Have you ever wondered what it would be like to go on a 6 month backpacking trip across Asia or Europe? If you made your way to this site, there is a good chance you have. Before I myself began to take extended trips, I used to wonder how people could afford to travel months on end. And we all wonder how can these people just pack up and travel for 6 months to a year. Where do they get the money? How do they do it? Did they win a lottery? Did they get a large inheritance? Did they rob a bank?
Hello, everybody! Thanks for stopping in and welcome to my first travel blog post! My name is Tyler and I have been doing these types of long backpacking trips for over 16 years. I am always asked the same questions that I mentioned above. And no I definitely did not win the lottery, get an inheritance, or rob a bank. I do still work for 6-7 months of the year as a seasonal worker in the construction industry. Along with that, I budget my money with traveling in mind during my time at home in Canada.
You must stay focused on your goal to save money in order to fulfill your passion for traveling. The number one question I get is “How can you afford to travel for so long?” The most important thing that will allow me to do this is my lifestyle and how I can save money. Here are a few of my tips;
My top 10 money saving tips that allow me to travel for 5 months a year
#1. Live somewhat frugal when you are working and saving up in your own country
During my time working in Canada, I try not to spend my money on temptations like the new clothes, a fancy vehicle or going out for food and drinks at nice places. If you really want to go on a long trip, you must keep that goal in mind and stay focused on saving all the time. When you finally get to go on your trip, you will be happy that you did it.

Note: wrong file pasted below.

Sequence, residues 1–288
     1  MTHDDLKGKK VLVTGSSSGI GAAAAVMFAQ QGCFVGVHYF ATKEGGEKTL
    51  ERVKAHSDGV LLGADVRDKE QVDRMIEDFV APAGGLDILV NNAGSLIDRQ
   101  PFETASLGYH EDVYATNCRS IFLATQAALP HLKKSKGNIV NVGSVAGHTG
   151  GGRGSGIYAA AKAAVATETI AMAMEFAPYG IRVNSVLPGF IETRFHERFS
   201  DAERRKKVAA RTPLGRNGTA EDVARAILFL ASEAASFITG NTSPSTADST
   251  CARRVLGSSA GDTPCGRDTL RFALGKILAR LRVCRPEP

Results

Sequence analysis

If you go to a developing country you will see that your money will go so much further on daily expenses. For example, if you go out for food and drinks somewhere in South American or South East Asia, it may only cost you a fraction of the price of what you would pay at home. You may pay $5 for a meal that would cost you $20 in your own country.
#2. Try to find a job that will allow you to make overtime or tips in a short period of time.
Most of the jobs I had in the past 15 years were seasonal or labor jobs that always allowed me to work overtime. My current job is driving a concrete mixer truck in for the construction industry. This job allows me to work 50-70 hours a week, therefore I can save more money in a shorter period of time with all the overtime. Plus I get a lot of money back at income tax time because I only work half of the year. I get approximately 1 months take home earning back at tax time.
During the 7 months working in Canada I am very tired from the long hours and really have no life other than eat, sleep, work, repeat. However, I always have the comfort of knowing that I will be soon laying on a nice beach, hiking in the pristine mountains, or better yet sleeping in any day I want for 5 months. The small sacrifices made at home are outweighed by the rewards of when I’m abroad.